PARIS — The European Commission will try on Wednesday to step into the void created by German political uncertainty by presenting its own proposals for eurozone reform.
They will be analyzed more for their political implications than their policy substance.
The news that Commission President Jean-Claude Juncker would table his proposals at the European Council summit next week raises two basic questions: Why now? And what now?
The answers seem to be: to keep the eurozone reform cause alive as governments seem to have dropped the issue for now; and to aim for a package that narrows the divergent approaches of France and Germany while making sure that the Commission isn’t stripped of some of its powers in the process.
In the absence of a long-term government in Berlin, where parties are still haggling over the terms of a new coalition, the EU leaders’ summit on December 14-15 wasn’t expected to devote much time to eurozone reform.
Juncker, nonetheless, has decided to use the proposals he made during his State of the Union speech in September to try to advance the issue to influence both France and Germany, the two European powers whose views are framing the debate on the future of the monetary union.
“The French talk a lot, but we haven’t seen actual, serious work on the Macron proposals beyond the two or three sentences he uttered in his speech” — European diplomat
“No one understands really why the Commission is doing this, it will be useless,” said a top European government official, who added that the European Council next week will have enough on its plate dealing with Brexit.
“Timing is everything. EU Commission proposals on deepening the European Monetary Union come at the wrong moment,” said German economist Heinrick Enderlein, director of the Jacques Delors Institute in Berlin, in a tweet.
But a top Commission official begged to differ. “We chose continuity,” he said. “We couldn’t shut down politics just because there is a political crisis in Berlin. And remember that we decided to do this before the [German Social Democrats] SPD decided to engage in coalition talks.” The SPD has seemed more interested in French President Emmanuel Macron’s ideas on the eurozone’s future than other German parties.
On substance, the Commission package on Wednesday will flesh out Juncker’s September proposals.
It will differ from Macron’s key ideas which have become a lightning rod in Germany — the creation of a eurozone budget managed by a joint finance minister — by proposing that the EU budget as a whole, not just the eurozone’s, be managed by someone who would wear three hats as a European commissioner, president of the Eurogroup, and eurozone finance minister.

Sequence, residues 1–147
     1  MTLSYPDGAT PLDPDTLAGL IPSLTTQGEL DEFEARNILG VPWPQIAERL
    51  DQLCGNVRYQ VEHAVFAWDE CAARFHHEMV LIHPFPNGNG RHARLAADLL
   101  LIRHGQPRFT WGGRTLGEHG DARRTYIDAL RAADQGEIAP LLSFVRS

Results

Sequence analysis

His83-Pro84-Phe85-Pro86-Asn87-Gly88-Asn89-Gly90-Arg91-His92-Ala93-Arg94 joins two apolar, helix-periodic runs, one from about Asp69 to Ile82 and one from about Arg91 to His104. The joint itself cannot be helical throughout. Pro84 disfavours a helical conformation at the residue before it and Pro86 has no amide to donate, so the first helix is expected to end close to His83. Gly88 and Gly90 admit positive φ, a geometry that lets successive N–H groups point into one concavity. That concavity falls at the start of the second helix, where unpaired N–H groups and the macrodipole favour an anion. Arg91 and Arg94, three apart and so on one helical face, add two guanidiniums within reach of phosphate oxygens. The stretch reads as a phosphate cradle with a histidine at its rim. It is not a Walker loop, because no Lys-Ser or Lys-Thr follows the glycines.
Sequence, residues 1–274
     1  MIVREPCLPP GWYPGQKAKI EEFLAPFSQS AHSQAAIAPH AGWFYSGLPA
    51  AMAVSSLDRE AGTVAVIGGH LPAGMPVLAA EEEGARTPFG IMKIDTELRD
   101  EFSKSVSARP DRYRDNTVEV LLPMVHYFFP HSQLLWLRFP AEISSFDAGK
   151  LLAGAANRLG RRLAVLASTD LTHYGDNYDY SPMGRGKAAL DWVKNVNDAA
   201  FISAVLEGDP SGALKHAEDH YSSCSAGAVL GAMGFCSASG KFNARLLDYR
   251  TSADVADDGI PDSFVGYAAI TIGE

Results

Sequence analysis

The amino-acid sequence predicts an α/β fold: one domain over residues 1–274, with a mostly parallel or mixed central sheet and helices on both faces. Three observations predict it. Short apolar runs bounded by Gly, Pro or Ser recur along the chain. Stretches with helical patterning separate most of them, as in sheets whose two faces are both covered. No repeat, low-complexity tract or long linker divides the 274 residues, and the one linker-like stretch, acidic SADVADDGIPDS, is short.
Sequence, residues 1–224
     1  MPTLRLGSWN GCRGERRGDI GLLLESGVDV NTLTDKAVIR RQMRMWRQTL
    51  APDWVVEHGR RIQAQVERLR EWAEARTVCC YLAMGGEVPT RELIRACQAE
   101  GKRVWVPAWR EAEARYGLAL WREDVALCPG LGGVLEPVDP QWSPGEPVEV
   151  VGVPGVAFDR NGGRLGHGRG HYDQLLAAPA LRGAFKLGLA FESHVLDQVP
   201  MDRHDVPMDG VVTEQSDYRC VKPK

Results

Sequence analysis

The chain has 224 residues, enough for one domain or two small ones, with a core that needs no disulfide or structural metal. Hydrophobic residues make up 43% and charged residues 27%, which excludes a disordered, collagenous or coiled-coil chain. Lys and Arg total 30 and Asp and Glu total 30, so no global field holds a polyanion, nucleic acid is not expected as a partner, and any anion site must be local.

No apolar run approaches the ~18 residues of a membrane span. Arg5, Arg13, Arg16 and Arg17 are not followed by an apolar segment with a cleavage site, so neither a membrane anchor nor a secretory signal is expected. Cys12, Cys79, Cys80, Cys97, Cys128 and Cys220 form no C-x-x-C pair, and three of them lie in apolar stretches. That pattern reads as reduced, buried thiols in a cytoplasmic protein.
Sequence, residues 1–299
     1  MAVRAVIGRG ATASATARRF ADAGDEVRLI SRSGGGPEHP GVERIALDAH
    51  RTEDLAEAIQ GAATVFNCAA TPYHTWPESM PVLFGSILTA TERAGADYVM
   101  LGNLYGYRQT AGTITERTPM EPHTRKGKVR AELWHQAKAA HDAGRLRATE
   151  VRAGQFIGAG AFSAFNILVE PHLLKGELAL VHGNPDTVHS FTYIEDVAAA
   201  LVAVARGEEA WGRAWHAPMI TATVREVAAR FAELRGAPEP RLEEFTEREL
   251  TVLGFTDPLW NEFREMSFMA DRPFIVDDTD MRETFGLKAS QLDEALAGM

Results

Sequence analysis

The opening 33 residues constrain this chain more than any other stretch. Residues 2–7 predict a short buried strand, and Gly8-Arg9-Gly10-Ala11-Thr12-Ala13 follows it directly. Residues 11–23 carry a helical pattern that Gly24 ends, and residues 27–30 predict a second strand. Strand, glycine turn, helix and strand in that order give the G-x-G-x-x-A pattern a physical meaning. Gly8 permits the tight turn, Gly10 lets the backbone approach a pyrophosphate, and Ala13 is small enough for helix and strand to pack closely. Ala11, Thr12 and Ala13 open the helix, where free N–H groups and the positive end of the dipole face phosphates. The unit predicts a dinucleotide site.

And the eurozone would be just one budgetary line in the EU27’s overall budget, which is unlikely to be judged significant enough by the French.
The Commission’s proposals will also reflect the turf war the eurozone debate has triggered between European institutions.
It will suggest transforming the European Stability Mechanism — the eurozone’s bailout arm — into a true “European Monetary Fund,” a proposal first made by Germany. But contrary to Berlin’s idea, which was to make the ESM more powerful and independent by handing it some current powers of the Commission on the monitoring of member countries’ economic policies, the EMF à la Juncker would be brought under the Berlaymont’s supervision.
And contrary to France’s wishes, the governance of the EMF would remain the same as the ESM’s, with decisions having to be taken unanimously. This would guarantee Germany a veto and, hence, a bias toward austerity measures, according to critics.
A French treasury official acknowledged that the current government in Paris has failed to follow up on Emmanuel Macron’s grand plans | Odd Andersen/AFP via Getty Images
The Commission’s proposals at best will only serve as a very preliminary basis for discussions — if and when eurozone governments start to talk in earnest about deeper monetary integration. They may be all but forgotten by then.
Already, some officials in Brussels fretted that the Commission’s job hasn’t been helped by the paradoxical lack of serious French proposals on the matter following Macron’s big speech on Europe at La Sorbonne two months ago.
“The Germans have organized and countered what they imagine will be the French proposals,” said one. “But whereas I’ve seen a lot of organized German defense, I still haven’t seen the French offense.”
“The French talk a lot, but we haven’t seen actual, serious work on the Macron proposals beyond the two or three sentences he uttered in his speech,” added a European diplomat in Brussels.
A French treasury official acknowledged that the current government in Paris has failed to follow up on Macron’s grand plans. “If you were in Texas, you’d say that, on this, he has been all hat and no cattle,” said the obviously well-traveled official.